Rubber belt alternatives - debatable?
From my experiments so far, using nylon and silk thread versus rubber belts (vpi new grey + translucent original belts), it appears that rubber has a number of good sides, that are only with difficulty improved by the thread solutions. Two nice sides with rubber is fairly robust performance regardless of platter - pulley distance (within limits, not very demanding of setup), and a fair degree of "body" and overall tonality to the music. Even if thread solutions are a step up, if set up right. Silk thread sounds a tiny bit better, I think, compared to nylon, but may be a bit more troublesome also. When things are right they sound better than belts, but they have to be tensioned "just right", and with the VPI Samas arrangement this can be a bother to adjust manually from time to time (more often than with the rubber belt). Possibly the ideal arrangement would have a light spring arrangement pushing the Samas away from the platter to "auto-tension" the thread.
As others on A-gone and elsewhere have noted, this concerns the right balance between stiffness and elasticity, transfer and isolation. We want motion going one way, but no audio noise, and nothing travelling back either.
The more the platter is able to overcome motor and pulley and string weaknesses (noise, pitch variance, statics) by its own momentum, the better. The ideal self-moving platter hasn't been invented. VPI currently offers a very expensive "hrx super platter" upgrade, this is probably a great benefit, but I have gone through three VPI platter upgrades already, and guess my current Black knight platter should do the job fair enough for awhile, there is more benefit to be had by motor tuning and drive adjustment. A direct drive for HW-19 is not available, but a good thread solution is said to be a step up in the same direction.
I am a bit confused by looking at the Hurst and Elusivedisc web pages. From the latter it appears that VPI is upgrading towards the lower rpm hurst motors, and that the 250 rpm motor is currently the best regarding low noise, but perhaps it cant be done with the hw-19
Unfortunately this is an area outside my knowledge base. I can only recommend doing what you're doing - talking to VPI and maybe searching the web to see what other VPI enthusiasts have done.
Mike at VPI has mailed that if I am able to extend the plinth hole for the pulley, he can ship the 300 rpm motor and new pulley. The hole for the 600 rpm motor is ca 35 millimeter, the pulley is 22. A half rpm motor means a doubling of pulley diameter, so it will need to be 55 to 60 mm including adjustment space. I am searching for ways to do this mechanical adjustment.
Seems to still have interest, and are persuing the use of the 300rpm Motor.
If it is permissible by the mods, I would like if you could further explain what it is you are not liking with your sound? Is it noise, or vibration from the Motor you're hearing-feeling? Which SAMA is this you have, the newer one, or the older one with round case?
I see you mention PRAT? What other sonic dislikes are you noting? What are you using as a Plinth Suspension? The Pucks, or Springs?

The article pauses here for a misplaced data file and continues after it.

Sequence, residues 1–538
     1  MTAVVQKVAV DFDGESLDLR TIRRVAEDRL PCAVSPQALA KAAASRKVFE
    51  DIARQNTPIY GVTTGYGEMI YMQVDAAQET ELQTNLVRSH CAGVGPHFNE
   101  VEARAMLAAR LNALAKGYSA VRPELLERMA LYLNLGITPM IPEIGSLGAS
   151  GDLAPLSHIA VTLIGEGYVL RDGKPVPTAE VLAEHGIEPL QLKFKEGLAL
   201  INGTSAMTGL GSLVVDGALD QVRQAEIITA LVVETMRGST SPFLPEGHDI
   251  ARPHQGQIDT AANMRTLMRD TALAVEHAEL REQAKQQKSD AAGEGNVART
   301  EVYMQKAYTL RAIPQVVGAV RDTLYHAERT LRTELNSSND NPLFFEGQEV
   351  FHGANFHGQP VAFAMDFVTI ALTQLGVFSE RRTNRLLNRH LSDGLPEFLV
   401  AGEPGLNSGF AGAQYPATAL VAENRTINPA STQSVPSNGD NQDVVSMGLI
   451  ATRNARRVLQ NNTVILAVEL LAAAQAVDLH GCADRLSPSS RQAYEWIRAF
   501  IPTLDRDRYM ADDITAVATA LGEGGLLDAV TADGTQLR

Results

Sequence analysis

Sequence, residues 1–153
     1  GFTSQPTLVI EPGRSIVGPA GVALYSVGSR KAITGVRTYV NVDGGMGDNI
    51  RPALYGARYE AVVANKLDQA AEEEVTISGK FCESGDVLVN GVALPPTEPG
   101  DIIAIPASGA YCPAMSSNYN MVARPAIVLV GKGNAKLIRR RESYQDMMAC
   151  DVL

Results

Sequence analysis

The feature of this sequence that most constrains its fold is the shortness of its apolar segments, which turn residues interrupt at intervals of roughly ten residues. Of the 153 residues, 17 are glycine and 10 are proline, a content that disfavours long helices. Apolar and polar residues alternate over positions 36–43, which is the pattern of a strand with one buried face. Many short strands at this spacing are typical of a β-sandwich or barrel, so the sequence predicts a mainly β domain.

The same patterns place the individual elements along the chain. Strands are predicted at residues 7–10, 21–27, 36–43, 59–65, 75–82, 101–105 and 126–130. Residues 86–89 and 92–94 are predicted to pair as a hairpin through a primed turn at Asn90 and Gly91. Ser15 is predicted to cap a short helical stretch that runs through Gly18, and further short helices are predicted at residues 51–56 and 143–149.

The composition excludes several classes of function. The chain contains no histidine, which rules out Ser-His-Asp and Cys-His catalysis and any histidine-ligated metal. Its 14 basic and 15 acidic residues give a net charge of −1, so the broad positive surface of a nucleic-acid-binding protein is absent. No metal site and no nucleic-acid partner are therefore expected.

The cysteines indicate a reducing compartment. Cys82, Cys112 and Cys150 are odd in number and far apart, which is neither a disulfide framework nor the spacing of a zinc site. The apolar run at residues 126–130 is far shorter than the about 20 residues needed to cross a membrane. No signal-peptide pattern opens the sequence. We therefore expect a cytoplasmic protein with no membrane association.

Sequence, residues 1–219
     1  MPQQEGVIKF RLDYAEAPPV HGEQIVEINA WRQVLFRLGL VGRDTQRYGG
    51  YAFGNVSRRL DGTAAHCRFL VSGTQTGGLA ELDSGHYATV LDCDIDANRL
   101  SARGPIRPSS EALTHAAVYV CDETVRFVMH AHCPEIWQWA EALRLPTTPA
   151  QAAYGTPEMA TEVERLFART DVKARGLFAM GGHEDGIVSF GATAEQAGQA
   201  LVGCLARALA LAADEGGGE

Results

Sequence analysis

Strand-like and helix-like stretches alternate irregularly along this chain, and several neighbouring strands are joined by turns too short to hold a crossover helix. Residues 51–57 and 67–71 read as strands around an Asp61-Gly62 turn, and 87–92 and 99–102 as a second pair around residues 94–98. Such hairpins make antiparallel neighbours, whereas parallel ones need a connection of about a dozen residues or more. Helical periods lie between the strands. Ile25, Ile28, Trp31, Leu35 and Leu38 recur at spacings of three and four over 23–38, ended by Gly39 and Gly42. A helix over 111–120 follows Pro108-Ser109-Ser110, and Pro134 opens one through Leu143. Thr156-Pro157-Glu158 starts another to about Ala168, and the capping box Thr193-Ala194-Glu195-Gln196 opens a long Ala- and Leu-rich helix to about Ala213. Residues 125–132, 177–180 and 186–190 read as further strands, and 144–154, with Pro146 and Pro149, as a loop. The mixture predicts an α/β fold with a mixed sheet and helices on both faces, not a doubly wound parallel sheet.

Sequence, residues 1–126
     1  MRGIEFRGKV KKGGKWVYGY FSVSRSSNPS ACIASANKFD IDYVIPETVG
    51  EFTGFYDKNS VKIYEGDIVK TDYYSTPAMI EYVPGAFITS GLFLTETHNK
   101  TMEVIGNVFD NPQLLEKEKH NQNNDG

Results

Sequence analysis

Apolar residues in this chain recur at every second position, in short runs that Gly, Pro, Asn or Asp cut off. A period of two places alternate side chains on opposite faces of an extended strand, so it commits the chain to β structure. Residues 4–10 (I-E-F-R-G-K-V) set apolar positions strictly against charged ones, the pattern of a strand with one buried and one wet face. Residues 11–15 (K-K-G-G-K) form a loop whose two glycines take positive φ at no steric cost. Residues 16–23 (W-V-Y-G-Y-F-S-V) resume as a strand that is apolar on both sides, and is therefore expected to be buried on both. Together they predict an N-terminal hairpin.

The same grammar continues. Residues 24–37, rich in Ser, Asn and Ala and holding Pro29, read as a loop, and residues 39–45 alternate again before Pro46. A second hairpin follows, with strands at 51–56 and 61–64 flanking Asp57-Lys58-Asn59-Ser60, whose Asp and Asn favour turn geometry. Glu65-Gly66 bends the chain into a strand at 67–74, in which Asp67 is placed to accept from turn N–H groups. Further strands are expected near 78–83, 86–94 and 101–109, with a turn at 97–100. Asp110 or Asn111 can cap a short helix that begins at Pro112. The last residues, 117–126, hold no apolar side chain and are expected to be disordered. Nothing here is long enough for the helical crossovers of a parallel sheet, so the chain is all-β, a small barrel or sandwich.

Are you still using the stock Rubber Feet on the Wood Base?
These are two areas, where the chageout to a cone foot for the Wood Base, and using something like Herbies Iso Cups-Balls, or Tenderfeet for a plinth suspension should net you some good, not subtle sonic gains.
As I believe I mentioned earlier in this thread, I too am running a modded HW-19 with newer version SAMA, SDS, 16 lb MK-IV Lead Filled Black Acrylic Platter. My custom HW-19 does not have a seperate Armboard, but uses a custom made solid one piece 1.00" thick Acrylic Plinth secured to the Steel Sub Chassis Plate.
I now use the Herbies Extra Firm Tall Tenderfeet to replace the Sorbo Puck Suspension. I use the short soft Tenderfeet to replace the stock rubber feet on the SAMA, and use Brass Audiopoint Cone Feet to replace the stock Rubber Feet on the Wood Base.
I cannot imagine my Table being any quieter than what it currently is, it is totally dead quiet in operation.
Dislike of sound can maybe be sourced to other components in your chain? Your sound will only sound as good as its weakest link. Mark
Mark, sorry for not answering. I am ordering a 300 rpm motor and a new pulley from vpi, with the lower groove 10 percent larger than the upper groove, for a silk string. The reason I do this is, mainly, slight speed or pitch variations. For some reason, this problem comes and goes a bit, it is actually less now (having changed back to a clear belt, older type). The player rests on a complex arrangement - Black magic cones, Bright Star sandbox (split top, for the Samas), and even three small bike tyres under the sandbox (the air actually helps). Still using the springs, perhaps Tenderfeet would be better. As for the rest of the chain, it should be good enough (Titan i p-up, Sme V arm, Aesthetix Io preamp, Krell 600 amp, Dynaudio consequence speakers).
o_holter, did you ever get the 300rpm motor set up on the 19? I have been having a lot of interest in doing this but everyone I talk to about it at vpi seems to discourage it.
Four things to look at:
1. Early 600 rpm SAMA came with a flywheel. It looks like a large stainless steel washer that slides over the motor spindle. VPI stopped using it at some point because it wobbles causing speed variations, flutter and rumble. If your SAMA has one ditch it.
2. Worn belts will cause speed fluctuations. Don't get a third party belt. Only a few dollars more to get the VPI belt.
3. Dirty or dry platter bearing will cause speed fluctuations. Clean it out with alcohol and q tips and oil it sparingly with a high quality oil. I like sewing machine oil.
4. I've had a couple generations of the VPI speed controllers (SDS) and was never pleased with any of them. I now use a Phoenix Engineering Eagle and Roadrunner. They keep speed dead on to within about .004. Unfortunately Phoenix recently went out of business but if you can find the pair used for a decent price they are great.